GratiTuesday: Flexgiving

I would be less than honest if I didn’t admit that I miss my family’s traditional Thanksgiving celebrations. Unlike Hollywood’s version of dysfunctional families gathering for the annual angst-fest, our small family didn’t do drama or have arguments about grievances from long-ago. We all got along and enjoyed each other’s company.

My grandfather carving the turkey in 1964.

My mother and father hosted our family’s Thanksgiving dinners until it became too much of a burden for age-related reasons. At that point, my brother and his wife, who live locally, took over the duties and then raised the meal up a notch by introducing smoked turkey and prime rib to the menu. They also introduced a few of their friends to the mix and Thanksgiving became a bit livelier but still enjoyable and drama-free. My other brother and his family usually were able to make it down from northern California to join in the festivities.

Things started to change after my parents passed away. Like many families, they were the glue that held everything together and, once they were gone, my brothers and I slowly started to develop separate holiday traditions of our own. There were no discussions or explanations, we just began to move in different directions. I think we all understood that, even though we loved each other, our lives had diverged, and we had different paths we wanted to take around the holidays. The local brother and his wife have gotten very involved with their church and spend Thanksgiving with friends they have met there. My other brother and his wife usually spend the long weekend at a seaside hotel not too far from where they live.

Over the past several years, my husband and I have explored different ways to celebrate Thanksgiving. We’ve been invited to the homes of friends and we’ve invited friends to ours. We’ve traveled to be with relatives and we’ve stayed home and dined quietly on our own. Each version of a Thanksgiving celebration – big, small, home, away – has pluses and minuses but we’ve enjoyed them all.

This year, we have invited a couple of friends to join us for Thanksgiving dinner at our home. We’ll have the traditional offerings and are looking forward to a pleasant evening of good food and great conversation. Maybe next year we will find ourselves out of town – or even out of the country. But, no matter how we decide to spend the holiday each year, I am grateful for my warm memories of past celebrations, and for the flexibility to build new ones in a variety of shapes and sizes.

Desert Meet-Up

Sometimes the universe lines everything up just right. Calendars coincide, schedules align, and the weather gods exhale balmy temperatures and paint picture-perfect skies. That’s what happened last week when four bloggers got together in Palm Desert, California to enjoy each other’s company, break bread, and talk about blogging.

Donna, Janis, Kathy, Terri

Donna (Retirement Reflections) and her husband were in Palm Desert for a month-long home exchange. Kathy (SMART Living 365) didn’t have to drive too far as she lives in a community just a few miles away. Terri (Second Wind Leisure) had traveled from Sacramento to San Diego to visit friends and family over the long Veterans Day weekend. I live in San Diego and, along with Terri, was more than happy to make the 2 1/2 hour trip to the desert to participate in a meet-up with blogger friends.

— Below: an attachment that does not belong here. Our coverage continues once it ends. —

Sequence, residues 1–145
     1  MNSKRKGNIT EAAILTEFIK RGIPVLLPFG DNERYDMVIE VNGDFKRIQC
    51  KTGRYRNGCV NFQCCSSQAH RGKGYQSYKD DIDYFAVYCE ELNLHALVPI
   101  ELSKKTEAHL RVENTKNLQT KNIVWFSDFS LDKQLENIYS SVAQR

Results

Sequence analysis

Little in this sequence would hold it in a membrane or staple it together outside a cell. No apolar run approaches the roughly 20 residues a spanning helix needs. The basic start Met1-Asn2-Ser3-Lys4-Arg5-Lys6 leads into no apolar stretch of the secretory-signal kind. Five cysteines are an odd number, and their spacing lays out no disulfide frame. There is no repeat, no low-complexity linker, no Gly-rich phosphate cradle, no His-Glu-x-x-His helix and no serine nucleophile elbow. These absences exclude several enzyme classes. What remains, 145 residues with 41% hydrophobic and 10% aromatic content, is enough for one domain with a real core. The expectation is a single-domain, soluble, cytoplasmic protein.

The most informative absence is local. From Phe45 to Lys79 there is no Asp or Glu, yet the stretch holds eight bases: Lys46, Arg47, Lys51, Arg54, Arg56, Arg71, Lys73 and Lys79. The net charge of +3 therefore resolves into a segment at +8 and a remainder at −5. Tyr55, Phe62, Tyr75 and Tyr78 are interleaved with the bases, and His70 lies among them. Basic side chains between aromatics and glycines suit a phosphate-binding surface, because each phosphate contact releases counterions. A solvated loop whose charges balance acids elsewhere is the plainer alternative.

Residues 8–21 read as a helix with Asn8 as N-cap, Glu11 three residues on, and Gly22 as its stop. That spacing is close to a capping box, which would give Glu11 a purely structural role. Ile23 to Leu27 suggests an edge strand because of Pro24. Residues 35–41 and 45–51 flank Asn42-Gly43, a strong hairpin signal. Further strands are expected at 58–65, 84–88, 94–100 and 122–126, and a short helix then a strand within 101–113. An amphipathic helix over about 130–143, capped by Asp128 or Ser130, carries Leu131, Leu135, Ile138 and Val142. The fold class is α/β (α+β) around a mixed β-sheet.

When the idea for the meet-up started to form several months ago, I was enthusiastically all-in. I have had the pleasure of meeting all three women individually over the last several years so having the opportunity to interact with them at the same time was something I couldn’t pass up. I was confident that our gathering would be full of stimulating conversation, a rich source of insightful information… and a whole lot of fun.

With Donna acting as the host, we came together to learn from each other and share our love of blogging. From each of our unique experiences, opinions, concerns, and outlooks, we shared openly and honestly about a wide range of blogging-related topics, such as:

  • How do we attract active followers and encourage more comments?
  • The role social media does – or doesn’t – play in the promotion of our blogs.
  • How do we stay motivated and find new and interesting topics to write about?
  • What are our individual niches, and is it important to always stay within them?
  • How do we manage our schedules – are we spending too much screen time?

Our time together was uplifting, encouraging, inspiring… and it ended too soon. Before we parted ways, we talked about arranging a similar meet-up next year when Donna and her husband return for another home exchange. We also discussed the possibility of opening it up to other interested bloggers.

All four of us have published posts today about the meet-up from our unique perspectives. I encourage you to check each of them out and leave a comment (we all agreed that the interaction with our readers was one of the best parts of blogging).

Retirement Reflections

SMART Living 365

Second Wind Leisure

A fifth blog, Roaming About, is worth checking out too.  Although Liesbet couldn’t join this gathering, she had the opportunity to meet with Donna and Kathy a few weeks prior and she has written about her experience. (Lucky for me, Liesbet is currently house and pet sitting in San Diego, so I will get to have multiple meet-ups with her over the next few months.)